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The Brief: Dec. 10, 2010

Already squeezed, Texas prisons are about to face a tough few months.

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THE BIG CONVERSATION:

Already squeezed, Texas prisons are about to face a tough few months.

Following potential cuts to health services and public education announced this week on the heels of an additional 2.5-percent budget cut requested of state agencies, Texas' prison system chief says his agency faces a "long and difficult process" in cutting spending, The Associated Press reports.

"All of the obvious savings have been identified," Brad Livingston, executive director of the Texas Department of Criminal Justice, told a meeting of the agency's board on Thursday. The agency, Livingston said, already cut $55 million in response to cuts already ordered, and the additional cuts — amounting to $75 million for the department — could force a major shake-up.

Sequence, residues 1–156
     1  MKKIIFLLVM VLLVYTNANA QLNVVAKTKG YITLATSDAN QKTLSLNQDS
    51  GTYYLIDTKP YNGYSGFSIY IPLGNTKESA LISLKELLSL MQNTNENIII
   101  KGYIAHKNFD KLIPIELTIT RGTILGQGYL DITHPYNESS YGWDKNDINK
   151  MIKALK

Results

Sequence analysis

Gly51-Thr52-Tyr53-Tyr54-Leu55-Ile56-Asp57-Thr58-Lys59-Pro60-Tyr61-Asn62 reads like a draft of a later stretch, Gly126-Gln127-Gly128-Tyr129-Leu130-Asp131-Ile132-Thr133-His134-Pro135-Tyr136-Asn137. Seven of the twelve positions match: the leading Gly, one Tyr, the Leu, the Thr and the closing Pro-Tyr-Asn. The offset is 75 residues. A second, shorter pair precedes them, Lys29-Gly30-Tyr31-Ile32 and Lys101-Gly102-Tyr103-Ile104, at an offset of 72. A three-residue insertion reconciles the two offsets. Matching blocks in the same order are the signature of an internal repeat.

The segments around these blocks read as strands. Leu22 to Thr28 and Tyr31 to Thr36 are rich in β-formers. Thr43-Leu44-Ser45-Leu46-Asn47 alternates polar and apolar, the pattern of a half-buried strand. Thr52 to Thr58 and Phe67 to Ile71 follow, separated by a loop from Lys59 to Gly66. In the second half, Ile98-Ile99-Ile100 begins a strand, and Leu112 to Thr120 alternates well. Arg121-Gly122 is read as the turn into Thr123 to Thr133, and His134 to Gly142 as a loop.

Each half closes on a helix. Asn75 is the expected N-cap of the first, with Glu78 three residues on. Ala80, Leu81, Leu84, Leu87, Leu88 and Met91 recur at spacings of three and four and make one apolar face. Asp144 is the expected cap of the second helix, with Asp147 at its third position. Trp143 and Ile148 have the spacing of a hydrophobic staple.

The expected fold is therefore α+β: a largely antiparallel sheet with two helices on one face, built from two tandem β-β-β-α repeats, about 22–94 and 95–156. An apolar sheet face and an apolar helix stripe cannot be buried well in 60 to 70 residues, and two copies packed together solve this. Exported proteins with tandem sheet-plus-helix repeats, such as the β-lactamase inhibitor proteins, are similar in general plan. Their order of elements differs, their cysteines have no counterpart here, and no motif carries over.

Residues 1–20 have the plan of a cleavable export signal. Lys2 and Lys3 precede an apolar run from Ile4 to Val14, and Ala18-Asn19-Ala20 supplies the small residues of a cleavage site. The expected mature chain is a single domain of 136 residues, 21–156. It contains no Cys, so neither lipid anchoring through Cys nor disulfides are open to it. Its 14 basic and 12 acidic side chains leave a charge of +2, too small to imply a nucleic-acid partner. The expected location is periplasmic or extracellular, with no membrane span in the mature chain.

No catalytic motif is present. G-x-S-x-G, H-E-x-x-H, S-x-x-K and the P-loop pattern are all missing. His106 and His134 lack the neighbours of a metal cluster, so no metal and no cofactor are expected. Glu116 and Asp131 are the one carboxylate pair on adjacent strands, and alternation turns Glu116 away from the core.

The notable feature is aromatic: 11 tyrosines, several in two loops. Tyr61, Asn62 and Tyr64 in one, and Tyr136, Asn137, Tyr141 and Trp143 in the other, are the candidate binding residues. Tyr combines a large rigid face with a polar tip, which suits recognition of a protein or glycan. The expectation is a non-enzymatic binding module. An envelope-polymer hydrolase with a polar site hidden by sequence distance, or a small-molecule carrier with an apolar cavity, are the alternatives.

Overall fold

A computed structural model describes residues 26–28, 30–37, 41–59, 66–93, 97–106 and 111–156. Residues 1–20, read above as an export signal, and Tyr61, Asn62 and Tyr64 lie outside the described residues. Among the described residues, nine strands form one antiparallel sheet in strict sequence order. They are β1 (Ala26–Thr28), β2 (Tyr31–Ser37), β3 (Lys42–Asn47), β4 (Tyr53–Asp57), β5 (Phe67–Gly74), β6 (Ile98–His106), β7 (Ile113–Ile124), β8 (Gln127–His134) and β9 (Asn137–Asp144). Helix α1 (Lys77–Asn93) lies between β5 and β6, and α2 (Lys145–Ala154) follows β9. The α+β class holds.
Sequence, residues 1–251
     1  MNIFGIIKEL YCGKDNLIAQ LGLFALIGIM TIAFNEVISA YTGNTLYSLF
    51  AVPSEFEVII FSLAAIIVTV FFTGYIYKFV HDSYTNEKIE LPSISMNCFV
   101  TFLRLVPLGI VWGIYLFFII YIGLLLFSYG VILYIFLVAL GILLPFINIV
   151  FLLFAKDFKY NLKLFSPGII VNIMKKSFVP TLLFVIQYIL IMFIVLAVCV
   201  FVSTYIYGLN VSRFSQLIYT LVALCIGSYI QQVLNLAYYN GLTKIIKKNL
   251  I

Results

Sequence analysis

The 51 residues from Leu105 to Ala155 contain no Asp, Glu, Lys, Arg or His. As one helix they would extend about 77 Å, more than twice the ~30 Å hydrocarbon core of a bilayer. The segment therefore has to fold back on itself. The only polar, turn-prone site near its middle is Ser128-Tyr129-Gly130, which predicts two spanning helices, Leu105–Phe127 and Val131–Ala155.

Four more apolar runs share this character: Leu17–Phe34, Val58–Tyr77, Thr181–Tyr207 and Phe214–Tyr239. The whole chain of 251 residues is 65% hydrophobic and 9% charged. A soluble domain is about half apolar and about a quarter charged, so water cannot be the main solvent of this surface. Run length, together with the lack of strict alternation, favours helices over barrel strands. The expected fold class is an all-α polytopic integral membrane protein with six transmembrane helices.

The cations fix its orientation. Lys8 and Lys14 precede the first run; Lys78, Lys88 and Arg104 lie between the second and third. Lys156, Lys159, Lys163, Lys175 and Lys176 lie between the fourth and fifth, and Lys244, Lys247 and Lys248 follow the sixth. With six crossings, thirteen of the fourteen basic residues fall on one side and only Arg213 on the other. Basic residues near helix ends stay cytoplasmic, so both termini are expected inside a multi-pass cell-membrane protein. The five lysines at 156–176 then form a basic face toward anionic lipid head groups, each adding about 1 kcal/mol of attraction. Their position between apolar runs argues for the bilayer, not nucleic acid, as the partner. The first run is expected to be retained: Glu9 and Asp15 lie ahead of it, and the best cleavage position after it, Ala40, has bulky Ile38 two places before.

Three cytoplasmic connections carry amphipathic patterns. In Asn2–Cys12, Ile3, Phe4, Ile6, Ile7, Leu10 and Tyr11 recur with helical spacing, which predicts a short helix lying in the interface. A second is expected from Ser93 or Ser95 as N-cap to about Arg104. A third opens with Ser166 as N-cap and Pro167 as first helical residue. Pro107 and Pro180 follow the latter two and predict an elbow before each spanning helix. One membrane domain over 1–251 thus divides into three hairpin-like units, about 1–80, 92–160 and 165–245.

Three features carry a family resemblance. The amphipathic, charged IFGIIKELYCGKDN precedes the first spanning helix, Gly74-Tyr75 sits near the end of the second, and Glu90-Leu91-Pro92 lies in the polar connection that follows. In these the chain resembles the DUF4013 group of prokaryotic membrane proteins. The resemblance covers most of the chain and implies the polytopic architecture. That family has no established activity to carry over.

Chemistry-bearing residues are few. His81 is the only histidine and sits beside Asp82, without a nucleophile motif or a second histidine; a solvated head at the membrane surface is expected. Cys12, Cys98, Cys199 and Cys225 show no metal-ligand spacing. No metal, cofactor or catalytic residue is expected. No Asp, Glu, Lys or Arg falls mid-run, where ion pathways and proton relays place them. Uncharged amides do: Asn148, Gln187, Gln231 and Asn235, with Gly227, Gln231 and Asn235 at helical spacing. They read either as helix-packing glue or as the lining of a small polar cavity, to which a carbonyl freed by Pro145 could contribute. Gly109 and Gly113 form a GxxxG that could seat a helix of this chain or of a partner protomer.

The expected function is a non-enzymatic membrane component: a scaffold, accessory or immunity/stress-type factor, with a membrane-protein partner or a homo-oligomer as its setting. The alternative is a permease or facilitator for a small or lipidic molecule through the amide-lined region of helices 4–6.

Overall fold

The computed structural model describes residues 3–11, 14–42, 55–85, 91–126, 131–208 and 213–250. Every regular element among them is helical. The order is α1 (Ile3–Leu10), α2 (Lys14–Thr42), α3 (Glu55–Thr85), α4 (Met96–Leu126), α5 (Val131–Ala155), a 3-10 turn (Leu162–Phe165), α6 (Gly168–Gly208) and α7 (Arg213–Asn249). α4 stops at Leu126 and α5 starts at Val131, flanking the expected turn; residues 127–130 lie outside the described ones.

"It would be virtually impossible to avoid significant staff reductions under significant reduction scenarios," Livingston said.

And while an official said the state was not considering closing any of Texas' 112 prisons, agency officials addressed another stark financial reality: the University of Texas Medical Branch's hope, citing financial losses, to stop providing medical care to the state's 154,000 convicts at prison clinics it runs. UTMB provides care for about two-thirds of the state's prison units, according to the Austin American-Statesman.

Livingston called UTMB's proposal a "fundamental shift" that would require the restructuring of a system already facing significant cuts.

State leaders have called for these agency cuts in response to a record state budget shortfall, which some estimate could top out as high as $28 billion.

CULLED:

"It's such a transparent political exercise." — U.S. Sen. John Cornyn on Democratic attempts to pass the DREAM Act, which on Thursday was tabled for a vote in the Senate until next week

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